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I have a form which represents a book, the user enters the title, authors, publication year, etc... We have a feature which will auto-complete the entire book if the user enters enough info for us to find it.

My initial thought was to add a "Find" button next to the field the user is in when they have entered enough information, but one of my co-workers doesn't find this intuitive. And, I can see the problem. It is not clear the action is going to fill all of the fields, and it is not clear exactly what the button is operating on.

On the other side, if I add a button to the bottom of the form, with save and the other buttons, it will be less likely the user will notice it at the best time (early in the process of filling out the record). Though it would be more clear that it operates on the entire form.

How would you implement this sort of feature?

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3 Answers 3

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Superficially this is akin to auto completing a postal address on a form, except that that process is familiar to quite a lot of people and it's usually specifically the postcode that is the key enabler to determining a small number of possible addresses from which the user selects the correct house number and the form is completed automatically. Example at postcoder.com

However, what you have here is not quite so focused on a single level of detail, and so the problem for the user becomes: "When is it ok for me to click on the button".

You don't want to let the user enter just 'e' and then allow a search because that could be millions of results. Neither do you want to force the user to enter more information than is actually required to find the book. The button has to be both 'useful' and contextually relevant.

How to solve this:

Indicate progress towards goal: In order not to make this a problem for the user, you have to give some indication of whether there is enough information entered so far to make the button useful, and this could be a progressive calculation each time the user moves from one field to the next. For example - calculate the number of results which match and display appropriate information, as follows:

Too many books - just show the number: If too many books match so far just display the number of books matching so that the user can see the amount of information is too vague. This will spur the user on to entering more accurate information if they can.

Less than 50 books - display number and provide access to a list: Once the number of results reaches something manageable, say between 6 and 50 results then still display the number of books and display a 'list possible matches' button to optionally browse those results and pick one to auto-complete the form - or depending on your context, maybe via the list you'll be able to by-pass the form and jump straight to the book?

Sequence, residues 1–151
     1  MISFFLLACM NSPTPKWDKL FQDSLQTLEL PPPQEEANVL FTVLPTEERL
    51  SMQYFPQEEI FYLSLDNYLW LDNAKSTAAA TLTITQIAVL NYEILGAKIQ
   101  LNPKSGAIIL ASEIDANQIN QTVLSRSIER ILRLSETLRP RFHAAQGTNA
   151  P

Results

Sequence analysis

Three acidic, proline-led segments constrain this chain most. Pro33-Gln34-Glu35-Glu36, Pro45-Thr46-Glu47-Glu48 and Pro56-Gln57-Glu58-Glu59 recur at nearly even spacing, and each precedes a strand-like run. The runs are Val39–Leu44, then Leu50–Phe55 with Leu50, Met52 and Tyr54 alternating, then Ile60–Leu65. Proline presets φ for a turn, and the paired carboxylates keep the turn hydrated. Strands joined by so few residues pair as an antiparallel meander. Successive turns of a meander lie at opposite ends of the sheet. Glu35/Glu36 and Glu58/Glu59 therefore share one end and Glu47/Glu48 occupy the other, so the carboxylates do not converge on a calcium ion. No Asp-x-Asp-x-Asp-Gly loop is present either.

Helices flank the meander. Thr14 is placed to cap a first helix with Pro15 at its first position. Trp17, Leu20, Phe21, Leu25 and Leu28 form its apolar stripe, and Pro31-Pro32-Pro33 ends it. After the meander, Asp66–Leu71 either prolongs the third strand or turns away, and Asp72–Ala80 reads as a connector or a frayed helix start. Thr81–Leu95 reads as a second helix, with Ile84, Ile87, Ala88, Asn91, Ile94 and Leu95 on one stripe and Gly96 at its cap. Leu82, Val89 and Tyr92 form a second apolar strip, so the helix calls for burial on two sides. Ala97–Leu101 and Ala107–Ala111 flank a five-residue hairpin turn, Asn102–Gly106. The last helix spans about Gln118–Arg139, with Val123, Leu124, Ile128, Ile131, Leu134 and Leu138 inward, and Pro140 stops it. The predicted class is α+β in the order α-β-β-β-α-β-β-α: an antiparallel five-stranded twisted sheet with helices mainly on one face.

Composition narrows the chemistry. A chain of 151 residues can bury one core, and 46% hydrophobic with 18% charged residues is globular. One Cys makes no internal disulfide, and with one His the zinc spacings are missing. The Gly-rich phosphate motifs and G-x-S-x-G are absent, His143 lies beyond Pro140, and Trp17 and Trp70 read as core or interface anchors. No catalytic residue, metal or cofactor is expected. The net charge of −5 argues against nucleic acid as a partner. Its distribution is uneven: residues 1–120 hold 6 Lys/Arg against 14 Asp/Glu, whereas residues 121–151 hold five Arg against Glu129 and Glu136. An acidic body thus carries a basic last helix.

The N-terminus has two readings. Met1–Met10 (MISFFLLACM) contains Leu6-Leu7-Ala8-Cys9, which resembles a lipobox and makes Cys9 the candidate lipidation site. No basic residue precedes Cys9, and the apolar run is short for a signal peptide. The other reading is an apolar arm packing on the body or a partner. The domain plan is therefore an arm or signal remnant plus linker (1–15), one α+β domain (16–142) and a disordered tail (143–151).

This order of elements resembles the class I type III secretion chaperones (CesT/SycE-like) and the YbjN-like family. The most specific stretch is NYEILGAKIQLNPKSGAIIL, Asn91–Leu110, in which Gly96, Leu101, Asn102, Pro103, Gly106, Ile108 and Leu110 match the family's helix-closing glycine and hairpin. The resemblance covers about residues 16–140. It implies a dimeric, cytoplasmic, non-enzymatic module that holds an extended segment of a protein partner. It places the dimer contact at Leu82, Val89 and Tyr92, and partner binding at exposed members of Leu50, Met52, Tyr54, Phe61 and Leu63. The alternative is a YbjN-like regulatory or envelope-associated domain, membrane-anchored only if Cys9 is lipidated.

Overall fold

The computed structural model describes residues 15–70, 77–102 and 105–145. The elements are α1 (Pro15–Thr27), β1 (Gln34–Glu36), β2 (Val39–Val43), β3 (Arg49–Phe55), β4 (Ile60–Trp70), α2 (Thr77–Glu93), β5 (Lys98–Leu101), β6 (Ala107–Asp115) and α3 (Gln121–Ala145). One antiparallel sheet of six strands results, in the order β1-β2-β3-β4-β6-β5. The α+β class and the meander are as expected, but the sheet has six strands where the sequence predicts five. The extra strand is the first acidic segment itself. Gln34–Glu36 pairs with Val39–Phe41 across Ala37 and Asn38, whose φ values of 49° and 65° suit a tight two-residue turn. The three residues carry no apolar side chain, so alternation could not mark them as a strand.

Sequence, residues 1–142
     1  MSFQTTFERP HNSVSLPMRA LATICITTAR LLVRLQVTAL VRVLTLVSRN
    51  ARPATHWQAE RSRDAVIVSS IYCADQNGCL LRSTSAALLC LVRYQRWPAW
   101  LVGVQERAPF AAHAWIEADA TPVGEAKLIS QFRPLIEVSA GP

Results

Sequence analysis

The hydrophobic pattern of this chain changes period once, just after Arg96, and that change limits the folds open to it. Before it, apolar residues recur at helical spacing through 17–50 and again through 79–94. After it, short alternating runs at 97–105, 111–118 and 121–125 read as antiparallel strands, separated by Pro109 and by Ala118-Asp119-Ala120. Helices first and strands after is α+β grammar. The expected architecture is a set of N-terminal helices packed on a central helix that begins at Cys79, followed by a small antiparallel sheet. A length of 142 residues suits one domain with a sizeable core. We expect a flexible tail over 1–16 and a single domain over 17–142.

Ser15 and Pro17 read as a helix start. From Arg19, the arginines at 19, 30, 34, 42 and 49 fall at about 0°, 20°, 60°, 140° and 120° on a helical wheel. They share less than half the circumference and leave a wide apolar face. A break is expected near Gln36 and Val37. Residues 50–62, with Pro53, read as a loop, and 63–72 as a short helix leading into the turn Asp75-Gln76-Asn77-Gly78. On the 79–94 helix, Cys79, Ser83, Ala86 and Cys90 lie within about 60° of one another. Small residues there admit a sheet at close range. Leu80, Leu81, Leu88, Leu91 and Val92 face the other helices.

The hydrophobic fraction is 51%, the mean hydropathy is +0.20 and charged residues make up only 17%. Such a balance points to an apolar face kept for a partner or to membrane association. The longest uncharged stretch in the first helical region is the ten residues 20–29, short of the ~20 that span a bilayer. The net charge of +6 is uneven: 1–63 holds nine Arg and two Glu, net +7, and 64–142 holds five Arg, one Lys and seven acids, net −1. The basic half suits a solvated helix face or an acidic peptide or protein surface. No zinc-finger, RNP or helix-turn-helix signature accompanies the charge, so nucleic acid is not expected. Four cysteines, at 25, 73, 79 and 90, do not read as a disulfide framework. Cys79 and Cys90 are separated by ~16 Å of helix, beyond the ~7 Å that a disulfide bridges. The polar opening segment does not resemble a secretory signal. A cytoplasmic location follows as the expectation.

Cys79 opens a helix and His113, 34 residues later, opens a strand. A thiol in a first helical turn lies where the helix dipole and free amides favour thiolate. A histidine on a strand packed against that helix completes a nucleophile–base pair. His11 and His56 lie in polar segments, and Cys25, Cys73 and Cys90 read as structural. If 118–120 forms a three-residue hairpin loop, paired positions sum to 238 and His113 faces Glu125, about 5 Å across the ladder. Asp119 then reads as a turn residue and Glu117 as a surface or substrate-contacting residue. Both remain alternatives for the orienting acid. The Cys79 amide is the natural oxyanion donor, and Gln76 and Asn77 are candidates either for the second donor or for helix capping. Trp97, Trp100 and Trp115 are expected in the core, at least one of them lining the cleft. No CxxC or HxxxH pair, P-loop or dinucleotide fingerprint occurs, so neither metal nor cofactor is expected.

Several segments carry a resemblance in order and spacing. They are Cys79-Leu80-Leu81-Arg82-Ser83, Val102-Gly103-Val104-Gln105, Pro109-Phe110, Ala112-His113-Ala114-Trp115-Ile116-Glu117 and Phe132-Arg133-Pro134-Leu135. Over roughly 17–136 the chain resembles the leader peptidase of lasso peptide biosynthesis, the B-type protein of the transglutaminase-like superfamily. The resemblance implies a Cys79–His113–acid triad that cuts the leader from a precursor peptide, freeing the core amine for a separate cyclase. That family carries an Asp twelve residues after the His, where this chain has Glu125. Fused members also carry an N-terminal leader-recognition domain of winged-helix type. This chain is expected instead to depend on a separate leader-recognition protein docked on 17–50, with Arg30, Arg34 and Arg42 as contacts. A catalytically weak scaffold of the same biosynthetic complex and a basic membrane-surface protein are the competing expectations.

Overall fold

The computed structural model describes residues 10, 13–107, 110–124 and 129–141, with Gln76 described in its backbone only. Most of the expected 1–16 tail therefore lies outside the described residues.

A handful of books - list them automatically: If the number of results is low - say 5 or less, dispense with the button and just show the matching results anyway in a short list beside the form. Again - you may be able to dispense with form completion at that point.

No books - say so: If no results are found, indicate this clearly asap because the user is not going to get any further by entering more information.


Caveat: Much of this relies on being able to provide timely responsive feedback in situ, but if you can do this, the button problems go away.

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Sounds like a good idea to me, but you might want to do a quick paper prototype, test it on 3-5 users, and tweak (if needed) –  Motaz Al-Thaher Oct 27 '11 at 18:07
    
@MotazAl-Thaher always! :-) –  Roger Attrill Oct 27 '11 at 18:13
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I'd recommend faceted search if you're not using auto-complete. It's very familiar since lots of e-commerce sites use it and users understand how it works. No matter what the content is.

Quoting STEPHANIE LEMIEUX in his article "Designing for faceted search"

"Faceted search lets users refine or navigate a collection of information by using a number of discrete attributes – the so-called facets. A facet represents a specific perspective on content that is typically clearly bounded and mutually exclusive. The values within a facet can be a flat list that allows only one choice (e.g. a list of possible shoe sizes) or a hierarchical list that allow you to drill-down through multiple levels (e.g. product types, Computers > Laptops). The combination of all facets and values are often called a faceted taxonomy. These faceted values can be added directly to content as metadata or extracted automatically using text mining software."

Here a link to the detailed article: http://www.uie.com/articles/faceted_search/

in your case, if for example I entered Harry potter in the search box, these will appear: - Name (1) - Author (2) - Year (6) - Publisher (34)

Selecting "Name" and "Author" facets for example will show "3" results, one is the exact match for the name and 2 match a name of an Author.

This way you'll keep narrowoing down results that you won't have to add a button or show a huge set of results.

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I would add a small strip underneath your form that lists possible matches based on the user's current input. The searching of possible matches would occur within an AJAX request after every short delay in the user's input, say 500ms or so.

The strip would display each possible match's cover and its title underneath it, like what Amazon does when it suggests related books. After the user clicks on one, the form will fill the rest of the details.

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